A new encryption flaw has been found that puts a significant number of Internet users' data at risk. Dubbed as LogJam, the flaw affects websites, mail servers, and other frequently-used Internet services by allowing an attacker to weaken what is believed to be a secure encrypted connection between a user and a server.
In essence, this weakness could be used to empower a cybercriminal with the right resources to mount a man-in-the-middle attack to sniff on and modify communications that are known to be “secure”. To Matthew Green, cryptographer and professor at John Hopkins University, along with a group of researchers, this flaw harks back to the 1990s as an indirect offshoot of a US-government mandate to limit the levels of encryption of products exported abroad, to allow them to easily spy on enemies.
Decades after the policy was lifted, the gates remain unsealed. According to the site put up by the researchers, 8.4 percent of the top 1 million domains, as well as a significant number of existing email servers that support SMTP with StartTLS, POP3S, and IMAPS, have been identified as vulnerable to this weakness.
LogJam’s activities are reminiscent of the FREAK vulnerability discovered in March. FREAK forces a secure connection to utilize weaker encryption that makes it easy for cybercriminals to pounce on sensitive information.
Green and his fellow researchers have determined that the problem in a weakness found on the Diffie-Hellman key exchange. Websites and email servers make use of SSL (Secure Sockets Layer) or TLS (Transport Layer Security) protocols to create a secure connection among users. The Diffie-Hellman key exchange is primarily responsible for the communication and exchange of encryption keys that are used to secure a connection.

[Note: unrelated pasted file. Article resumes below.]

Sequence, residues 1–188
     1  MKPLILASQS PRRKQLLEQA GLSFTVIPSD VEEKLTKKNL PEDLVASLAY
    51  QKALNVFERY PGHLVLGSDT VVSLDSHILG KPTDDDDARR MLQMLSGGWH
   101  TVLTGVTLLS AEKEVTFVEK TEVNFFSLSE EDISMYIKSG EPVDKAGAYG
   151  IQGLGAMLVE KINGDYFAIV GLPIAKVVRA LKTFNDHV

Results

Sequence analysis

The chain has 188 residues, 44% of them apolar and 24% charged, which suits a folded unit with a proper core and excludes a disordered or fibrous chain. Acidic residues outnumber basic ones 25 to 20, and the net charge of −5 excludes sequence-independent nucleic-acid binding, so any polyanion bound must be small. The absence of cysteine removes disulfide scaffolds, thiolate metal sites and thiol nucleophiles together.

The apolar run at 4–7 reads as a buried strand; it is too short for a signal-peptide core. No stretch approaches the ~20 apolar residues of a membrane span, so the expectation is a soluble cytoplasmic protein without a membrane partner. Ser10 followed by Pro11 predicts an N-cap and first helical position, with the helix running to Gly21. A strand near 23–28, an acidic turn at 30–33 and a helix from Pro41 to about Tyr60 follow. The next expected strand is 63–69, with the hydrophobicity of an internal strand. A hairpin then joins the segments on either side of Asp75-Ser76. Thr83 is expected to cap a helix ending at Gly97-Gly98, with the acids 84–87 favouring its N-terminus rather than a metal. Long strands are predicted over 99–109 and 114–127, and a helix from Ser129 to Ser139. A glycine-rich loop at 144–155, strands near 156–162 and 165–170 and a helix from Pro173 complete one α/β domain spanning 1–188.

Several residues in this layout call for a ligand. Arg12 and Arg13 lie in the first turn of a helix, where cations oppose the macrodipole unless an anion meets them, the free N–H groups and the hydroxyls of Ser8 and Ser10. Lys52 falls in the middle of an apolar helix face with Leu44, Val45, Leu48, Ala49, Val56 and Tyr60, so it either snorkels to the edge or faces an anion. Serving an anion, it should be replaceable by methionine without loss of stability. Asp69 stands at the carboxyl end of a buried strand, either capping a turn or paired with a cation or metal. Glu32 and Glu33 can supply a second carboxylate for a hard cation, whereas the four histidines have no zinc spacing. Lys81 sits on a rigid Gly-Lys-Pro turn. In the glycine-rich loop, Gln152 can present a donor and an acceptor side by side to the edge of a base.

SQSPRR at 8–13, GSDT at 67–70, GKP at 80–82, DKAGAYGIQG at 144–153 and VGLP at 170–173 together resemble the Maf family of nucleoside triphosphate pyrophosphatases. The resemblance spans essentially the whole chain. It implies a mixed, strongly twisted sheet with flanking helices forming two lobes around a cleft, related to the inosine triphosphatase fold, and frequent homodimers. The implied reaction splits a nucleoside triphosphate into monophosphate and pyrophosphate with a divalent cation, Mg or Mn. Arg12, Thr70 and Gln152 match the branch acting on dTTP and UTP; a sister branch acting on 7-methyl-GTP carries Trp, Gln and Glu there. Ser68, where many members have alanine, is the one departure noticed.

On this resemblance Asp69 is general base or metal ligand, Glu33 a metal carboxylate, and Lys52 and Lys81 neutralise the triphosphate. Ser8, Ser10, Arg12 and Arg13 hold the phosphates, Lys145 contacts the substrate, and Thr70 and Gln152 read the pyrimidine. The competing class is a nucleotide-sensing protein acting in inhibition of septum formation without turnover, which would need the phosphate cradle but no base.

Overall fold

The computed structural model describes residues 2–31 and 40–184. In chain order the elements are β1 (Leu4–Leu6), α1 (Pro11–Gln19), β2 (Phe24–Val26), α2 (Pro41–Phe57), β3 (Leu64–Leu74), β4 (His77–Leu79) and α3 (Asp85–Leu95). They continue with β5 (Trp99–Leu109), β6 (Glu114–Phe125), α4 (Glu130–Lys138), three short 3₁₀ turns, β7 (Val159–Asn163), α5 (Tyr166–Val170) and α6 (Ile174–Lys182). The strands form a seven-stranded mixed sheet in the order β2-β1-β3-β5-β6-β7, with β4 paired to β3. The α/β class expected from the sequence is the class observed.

The LogJam attack makes it easy to lower TLS connections to the level of those that use 512-bit “export-grade” encryption. In turn, cybercriminals can dupe a server into accepting weaker encryption, thinking it is secure enough. This then gives them the chance to intercept the data that passes through the connection.
As of this writing, researchers have indicated that major browsers by Mozilla, Google, Microsoft, and Apple, among others, are working on fixes to address this vulnerability. This issue brings to the fore the importance of keeping systems up to date not just for end users but for software developers as well. IT administrators using servers that are known to use any of the services and protocols at risk are advised to disable support for all export cipher suites to thwart attempts for compromise, and prevent using Diffie-Hellman key exchange lower than 2048-bits to steer clear of possible interception. Internet users are likewise advised to make sure that browsers are up to date, and to check for updates frequently.
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